2 thoughts on “Modern Bodhisattva’s Way of Life: Exchanging Self with Others According to Tantra

  1. I often hear : “love yourself before others” when discussing with others about personnal stuff…
    And you wrote
    : “With this sort of view, we can love others from the inside, as opposed to from the outside.”

    I feel the later is how it feels inside about the former and I would like to know if I am wrong.

    Thank you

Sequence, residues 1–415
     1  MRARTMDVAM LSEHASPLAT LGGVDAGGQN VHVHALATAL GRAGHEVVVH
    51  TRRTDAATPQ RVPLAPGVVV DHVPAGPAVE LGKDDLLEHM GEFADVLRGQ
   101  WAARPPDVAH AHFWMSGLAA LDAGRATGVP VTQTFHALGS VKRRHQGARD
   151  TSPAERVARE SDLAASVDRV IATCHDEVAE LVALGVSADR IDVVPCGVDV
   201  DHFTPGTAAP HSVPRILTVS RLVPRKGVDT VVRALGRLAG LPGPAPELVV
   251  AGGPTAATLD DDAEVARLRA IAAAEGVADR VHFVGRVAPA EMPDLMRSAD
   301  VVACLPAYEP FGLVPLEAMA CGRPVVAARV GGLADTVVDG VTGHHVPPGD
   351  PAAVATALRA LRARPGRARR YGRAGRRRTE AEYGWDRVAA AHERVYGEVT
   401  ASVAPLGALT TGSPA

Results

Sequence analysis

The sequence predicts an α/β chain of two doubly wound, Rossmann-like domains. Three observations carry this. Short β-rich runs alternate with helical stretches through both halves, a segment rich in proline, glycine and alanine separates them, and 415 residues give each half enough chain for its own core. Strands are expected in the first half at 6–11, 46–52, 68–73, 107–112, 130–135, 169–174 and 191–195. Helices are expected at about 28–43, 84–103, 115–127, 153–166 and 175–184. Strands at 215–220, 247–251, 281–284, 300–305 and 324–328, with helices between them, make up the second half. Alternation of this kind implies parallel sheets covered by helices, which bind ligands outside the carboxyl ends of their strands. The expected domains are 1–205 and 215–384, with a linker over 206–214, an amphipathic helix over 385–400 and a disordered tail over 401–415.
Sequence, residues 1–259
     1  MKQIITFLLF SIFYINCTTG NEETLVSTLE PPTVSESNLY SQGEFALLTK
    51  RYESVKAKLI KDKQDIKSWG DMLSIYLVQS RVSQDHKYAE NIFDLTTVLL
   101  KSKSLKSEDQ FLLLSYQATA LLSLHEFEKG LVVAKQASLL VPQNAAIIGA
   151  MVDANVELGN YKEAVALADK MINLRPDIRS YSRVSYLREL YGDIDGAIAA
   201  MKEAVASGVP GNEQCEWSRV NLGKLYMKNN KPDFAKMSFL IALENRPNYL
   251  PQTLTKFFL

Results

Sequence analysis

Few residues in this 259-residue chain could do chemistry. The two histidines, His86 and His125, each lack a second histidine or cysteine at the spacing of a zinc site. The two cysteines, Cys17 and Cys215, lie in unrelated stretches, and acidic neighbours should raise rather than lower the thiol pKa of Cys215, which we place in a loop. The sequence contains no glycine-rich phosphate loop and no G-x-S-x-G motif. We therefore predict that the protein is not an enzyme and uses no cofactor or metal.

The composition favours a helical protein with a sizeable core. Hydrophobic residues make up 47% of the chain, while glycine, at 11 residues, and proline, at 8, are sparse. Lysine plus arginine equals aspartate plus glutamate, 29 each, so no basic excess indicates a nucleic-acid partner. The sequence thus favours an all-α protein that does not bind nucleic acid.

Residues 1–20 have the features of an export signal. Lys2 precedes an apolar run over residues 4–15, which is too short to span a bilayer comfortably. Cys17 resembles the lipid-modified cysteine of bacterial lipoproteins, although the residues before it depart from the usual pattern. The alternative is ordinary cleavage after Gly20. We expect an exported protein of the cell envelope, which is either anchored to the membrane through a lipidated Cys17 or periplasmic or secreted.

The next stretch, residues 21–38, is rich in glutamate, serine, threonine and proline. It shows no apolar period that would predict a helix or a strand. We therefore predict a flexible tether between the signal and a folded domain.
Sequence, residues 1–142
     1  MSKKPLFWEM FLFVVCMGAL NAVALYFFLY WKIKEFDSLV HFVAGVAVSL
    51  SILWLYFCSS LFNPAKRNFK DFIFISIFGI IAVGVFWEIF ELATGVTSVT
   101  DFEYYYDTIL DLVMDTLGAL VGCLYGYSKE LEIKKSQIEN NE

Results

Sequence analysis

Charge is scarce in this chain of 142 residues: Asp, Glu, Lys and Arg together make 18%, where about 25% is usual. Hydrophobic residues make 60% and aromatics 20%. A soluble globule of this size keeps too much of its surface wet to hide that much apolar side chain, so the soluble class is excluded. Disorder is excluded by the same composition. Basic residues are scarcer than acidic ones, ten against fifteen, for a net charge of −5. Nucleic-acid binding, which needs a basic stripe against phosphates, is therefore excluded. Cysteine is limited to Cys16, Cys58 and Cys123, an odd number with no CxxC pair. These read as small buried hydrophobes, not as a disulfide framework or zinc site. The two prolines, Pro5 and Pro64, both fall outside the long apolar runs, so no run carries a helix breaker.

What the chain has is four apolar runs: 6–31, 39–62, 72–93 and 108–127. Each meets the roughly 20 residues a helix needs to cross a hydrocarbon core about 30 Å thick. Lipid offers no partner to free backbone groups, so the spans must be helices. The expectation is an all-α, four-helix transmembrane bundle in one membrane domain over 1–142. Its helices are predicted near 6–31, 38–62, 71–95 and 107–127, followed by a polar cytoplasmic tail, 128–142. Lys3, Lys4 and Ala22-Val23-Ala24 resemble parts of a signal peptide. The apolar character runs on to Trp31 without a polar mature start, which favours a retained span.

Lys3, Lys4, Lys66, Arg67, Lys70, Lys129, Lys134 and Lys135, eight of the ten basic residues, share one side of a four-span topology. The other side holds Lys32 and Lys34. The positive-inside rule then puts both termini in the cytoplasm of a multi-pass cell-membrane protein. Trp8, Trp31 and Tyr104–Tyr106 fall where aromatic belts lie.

• I think what is meant in popular culture when they say “you can’t love others if you don’t love yourself” or “love yourself before others” is different than what is meant in Buddhism by very similar words. In popular culture, there is a false belief that putting others first means sacrificing ourself for others, which obviously doesn’t work. If we sacrifice ourself, we have nothing left to give in the future. Putting others first in a Dharma context means genuinely considering the happiness and freedom of others to be more important than the happiness and freedom of ourself. Since we consider the happiness of others to be “more important” than our own, we gladly, willingly, from our own side put others first, even if it means we get something less. A good example is my great grandmother in law during WWII would give all the meat to her children and she ate the fatty parts because it was more important to her that her children get the good parts. There was no “self-sacrifice” in this, she was happy to do it. She didn’t resent doing it, she did so gladly. Self-sacrifice does not mean being unwilling to get less than the best bits for ourself, self-sacrifice means destroying our capacity to help others. A good example would be working so hard to serve others that we burn ourselves out, and then are unable to do anything. In Buddhism, when we say you need to accept yourself before you can accept others, you need to love yourself before can love others, you need to attain enlightenment yourself before you can lead others to the same state, we have a very practical meaning. Accepting ourself means accepting where we are at without judgment. I am where I am, the question is how do I grow from here. I don’t beat myself up for being where I am at, I am simply where I am at. It is a fact, and it is OK. I shouldn’t expect myself to be farther along than I am, it is imply where I am at. When we don’t accept ourselves, we then tend to not accept others either – then we judge them, pressure them, etc. But when we know how to accept ourselves, then we also know how to accept others as they are without judgment. When we say we need to love ourself before we can know how to love others, we don’t mean we need self-cherishing. Self-cherishing is not loving ourselves it is harming ourselves. To love ourself in a Buddhist context means to have renunciation. We wish to ourselves attain enlightenment and know pure and everlasting happiness. We wish to be happy all the time, and we know that depends upon ceasing samsara from arising within our mind. If we don’t want liberation and enlightenment for ourself, we can’t want it for others (bodhichitta). To want to attain enlightenment first before we lead others to the same state is not us cutting in front of everyone in line or putting our own interests first, it means king-like bodhichitta – the only way we will be able to lead others to enlightenment is if we have made it their ourselves. If we fail to do so, we will get swept away in samsara and then no longer be able to help others in life after life until they too reach the final goal. Exchanging self with others according to HYT is superior to doing so according to Sutra because in Sutra, we still grasp at others as somehow being separate from us, and so our love is obstructed. But when we identify with all living beings as ourself (they become the basis of imputation of our I), then our love for them IS our love for ourself, and our love for ourself IS our love for all living beings because all living beings ARE who we consider OURSELVES to be.